Want to be immersed in a virtual world that only exists inside a computer? Have your own holodeck and experience the virtual reality scenes from the B-movie Lawnmower Man or The Matrix. Computers are getting faster and faster each year and while the Oculus Rift won't get you quite there yet, it's a great first step after years of feeling like the world totally forgot about VR.
So what is the Oculus Rift like really?
I was one of the backers of the Kickstarter project, ordering one after about 5 seconds of careful consideration. Just this week the delivery guy finally brought a box to my door with the magical words "Oculus Rift Development Kit" on it. Upon opening the package I was surprised how professionally made everything looked. I was expecting duct tape and imperfections, instead I received a product which looks just as finished as anything you could buy from an electronics store. It comes in a sturdy plastic case that even had one of those booklets with little illustrations on how to put it together.
The first question before plugging it in was would the device appear as a monitor, or do you push pixels to it only through some special API? Turns out it is a 1280 x 800 pixel monitor, with the left 640 x 800 pixels being for the left eye and the rest for the right eye. This has the cool benefit that if you go to a YouTube video made for the Rift, you can play them directly and see it in 3D on the device without any special player software, without the ability to turn your head though. Set-up was total plug & play.
It is very stable too. I am happy to report no crashes or other annoying problems after hours of running various demos with the device. It works as reliably as any monitor and has no issues with bad cable connections. It is a well-built rigid product that is also quite comfortable to wear. The connections required are a video cable, a power cable and USB. To avoid having three cables coming out from the device, there is a connector box so you only have one cable finally going into the head-mounted display. It works very well.
How does it look from the inside? Unfortunately, at this point until the resolution improves you can very clearly see huge pixels with dark gaps between them. However when running a demo that can run at a decent frame rate it becomes much less noticeable when moving your head around. The selling point of the Rift was never the resolution, but the wide field of view. In practical use it feels satisfyingly wide and creates a new sense of place.
The head tracking is very very good. You can point your head to things similar to the accuracy of a mouse pointer and there is no wobble or other odd movement. It feels natural. The biggest surprise after the first day of testing was realizing just how important head position tracking is. Before the Rift I was under the impression that stereo 3D is the most important single thing to make you feel immersed. But now after trying demos where I am able to look around, turn around or even turn my head sideways and have the picture naturally change to take into account my orientation, I feel it to be just as important along with the wide field of view.
Existing games not custom-built for the Rift do not work well. Getting stereo 3D out of some existing games is possible with a program called Vireio. I tried Half-Life 2, but it always felt like "something is off here" even after a lot of tweaking with Vireio settings. Half-Life 2 was ranked in the Vireio readme file as one of the best-supported titles. I was interested to try Mirror's Edge also, but after a few attempts failed to get it to work at all. What Vireio is attempting to do is of course very difficult, so any support they can provide to existing games is just a bonus.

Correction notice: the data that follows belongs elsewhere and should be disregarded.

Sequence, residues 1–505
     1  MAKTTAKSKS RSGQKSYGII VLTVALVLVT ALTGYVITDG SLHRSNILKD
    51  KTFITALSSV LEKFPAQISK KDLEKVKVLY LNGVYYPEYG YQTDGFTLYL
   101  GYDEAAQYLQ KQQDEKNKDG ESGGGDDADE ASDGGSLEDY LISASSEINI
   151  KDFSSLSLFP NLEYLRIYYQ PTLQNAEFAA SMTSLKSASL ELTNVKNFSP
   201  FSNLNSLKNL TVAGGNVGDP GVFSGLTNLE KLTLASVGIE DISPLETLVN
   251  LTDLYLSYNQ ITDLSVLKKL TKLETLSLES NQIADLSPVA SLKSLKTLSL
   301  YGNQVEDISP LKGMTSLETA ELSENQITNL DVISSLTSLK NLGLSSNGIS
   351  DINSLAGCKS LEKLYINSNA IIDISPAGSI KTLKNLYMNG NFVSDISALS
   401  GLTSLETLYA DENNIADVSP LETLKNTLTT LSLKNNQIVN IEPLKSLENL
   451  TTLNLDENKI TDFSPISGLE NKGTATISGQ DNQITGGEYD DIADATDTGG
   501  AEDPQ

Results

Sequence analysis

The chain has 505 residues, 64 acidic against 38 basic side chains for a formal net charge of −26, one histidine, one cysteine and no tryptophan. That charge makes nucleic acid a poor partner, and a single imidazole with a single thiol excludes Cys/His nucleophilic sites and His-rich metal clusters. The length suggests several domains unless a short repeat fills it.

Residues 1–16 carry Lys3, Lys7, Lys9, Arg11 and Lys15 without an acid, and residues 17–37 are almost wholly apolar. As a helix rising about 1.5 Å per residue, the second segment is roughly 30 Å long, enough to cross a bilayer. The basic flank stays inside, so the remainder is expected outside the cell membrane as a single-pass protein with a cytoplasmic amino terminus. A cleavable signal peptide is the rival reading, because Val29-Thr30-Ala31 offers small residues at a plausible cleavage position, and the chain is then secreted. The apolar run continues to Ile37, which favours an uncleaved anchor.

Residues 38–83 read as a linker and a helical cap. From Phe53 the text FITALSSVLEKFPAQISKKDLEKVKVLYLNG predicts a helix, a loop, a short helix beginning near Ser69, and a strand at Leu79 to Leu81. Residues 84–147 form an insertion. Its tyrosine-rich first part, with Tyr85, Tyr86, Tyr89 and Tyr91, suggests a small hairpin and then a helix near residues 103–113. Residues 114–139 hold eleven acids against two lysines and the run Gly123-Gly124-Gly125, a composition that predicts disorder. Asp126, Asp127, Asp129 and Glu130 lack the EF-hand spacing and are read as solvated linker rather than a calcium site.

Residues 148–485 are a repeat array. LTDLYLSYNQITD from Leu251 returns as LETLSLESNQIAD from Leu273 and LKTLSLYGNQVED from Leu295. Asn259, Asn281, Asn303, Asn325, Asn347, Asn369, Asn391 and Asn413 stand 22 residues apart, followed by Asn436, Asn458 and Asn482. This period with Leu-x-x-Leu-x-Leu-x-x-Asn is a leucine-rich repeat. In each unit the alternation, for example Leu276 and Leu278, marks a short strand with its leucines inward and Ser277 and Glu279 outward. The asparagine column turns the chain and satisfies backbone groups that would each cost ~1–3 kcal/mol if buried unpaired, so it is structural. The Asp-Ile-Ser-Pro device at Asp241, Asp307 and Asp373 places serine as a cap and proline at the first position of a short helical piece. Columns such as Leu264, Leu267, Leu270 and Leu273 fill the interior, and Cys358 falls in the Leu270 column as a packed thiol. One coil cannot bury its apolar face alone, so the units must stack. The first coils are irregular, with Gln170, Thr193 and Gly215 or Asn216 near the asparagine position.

The real fun is in custom Rift software. Since the device just came out not many are available yet. The best one that I would be showing to anyone first is the roller coaster demo. It is a well-made ride lasting about a minute of a roller coaster rolling on a track suspended in mid-air, going around castles. After a while of riding smoothly forward there is a sudden drop which elicits a strong reaction from many who try it.
It might be that instead of "games" it is better to think of Rift content as "experiences", as right now they are all about putting you in some place to experience some setting. In one you can walk around a house in Tuscany. Walk to the balcony and admire the views outside. Another lets you experience what it might be like to get your head chopped off by a guillotine. There are currently only a handful of experiences available, of these one being an actual game.
Other things you can do is using the VR Player to play 360 degree video content. You can watch a concert or see what a train station in Tokyo is like while being able to turn your head around. This is a bit less impressive than it sounds, because such video content is only two dimensional. It is also possible to look around Google Street View images, but again only in 2D.
What does it feel like? It really does give a different feeling from just putting your head really close to a monitor thanks to the field of view and stereo 3D. When you move around at high speed even with the feeling of real acceleration of your body lacking, you still experience a slight sense of motion that you would not get from a 3D movie. Being able to look around and having a wide field of view seems to be enough to trick my brain into believing that we might really be moving here.
Should you get one? Being a dev kit and not the final product, the Rift at this point is lacking in resolution and naturally in content. I would not recommend you invest your last savings into buying one, but if you are enthusiastic about VR and want to follow this potentially new field develop first-hand, I can recommend it.